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10-05-07, 04:04 PM
Confidence is key: The evolution of the Fallujah Police Department, Part One
By Featured WriterOctober 3, 2007 6:11 AM The evolution of the Fallujah Police Department, Part One
By Featured WriterOctober 3, 2007 6:11 AM

Bill Ardolino was embedded with the Fallujah Police Transition Team and the Iraqi Police in January and September 2007. His January analysis, "On the Baby Steps" in "the Bullseye," can be found here. In the following analysis, Ardolino compares the state of the Fallujah Police Department during his two embeds.

In January 2007, Fallujah Police Headquarters was a besieged target in the middle of the turbulent city, a walled refuge for hunted police officers. The Iraqi Police, or IPs, hid their faces, guarded the station, manned their version of a 9-1-1 dispatch, and were mortared and shot on a regular basis. They rarely ventured out except to return home or pick up an occasional IED, dead body or injured civilian. There was little police patrol presence on Fallujah’s streets, thus ceding insurgents the freedom of movement to stage attacks and intimidate the population. The IPs wouldn’t patrol and the Marines couldn’t compel them past their fear. And given the steady flow of grievously injured and slain cops, it was difficult to blame them.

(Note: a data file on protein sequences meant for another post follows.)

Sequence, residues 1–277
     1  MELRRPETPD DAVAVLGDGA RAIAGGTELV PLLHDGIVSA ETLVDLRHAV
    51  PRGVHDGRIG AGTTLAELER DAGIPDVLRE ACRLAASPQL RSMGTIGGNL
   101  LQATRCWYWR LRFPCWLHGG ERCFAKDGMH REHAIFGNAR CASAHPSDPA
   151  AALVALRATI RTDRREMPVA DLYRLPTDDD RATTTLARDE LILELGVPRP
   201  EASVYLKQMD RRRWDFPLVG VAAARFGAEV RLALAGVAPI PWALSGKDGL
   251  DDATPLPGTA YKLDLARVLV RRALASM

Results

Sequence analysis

As former Police Transition Team (PiTT) Commander Major Brian Lippo said at the time: “For the overall success of the mission, the [Iraqi Police] have got to get out there in the streets and take a more active role in patrolling … driving around the streets in your white police car, showing the flag and letting the bad guys know that 'hey I have to get off this street corner.’"

There were hopeful signs: an increase in recruitment and new Iraqi leadership that talked the talk and fitfully began to walk the walk. But the city grew even more violent over the next two months, with attacks and casualties reaching an all-time peak in March as al Qaeda in Iraq attempted to break the will of the police. One Marine remarked on the nightmares he acquired after seeing the second-story landing of the police station covered in black bags, slick with blood and broken bodies.

But then, remarkably, things changed.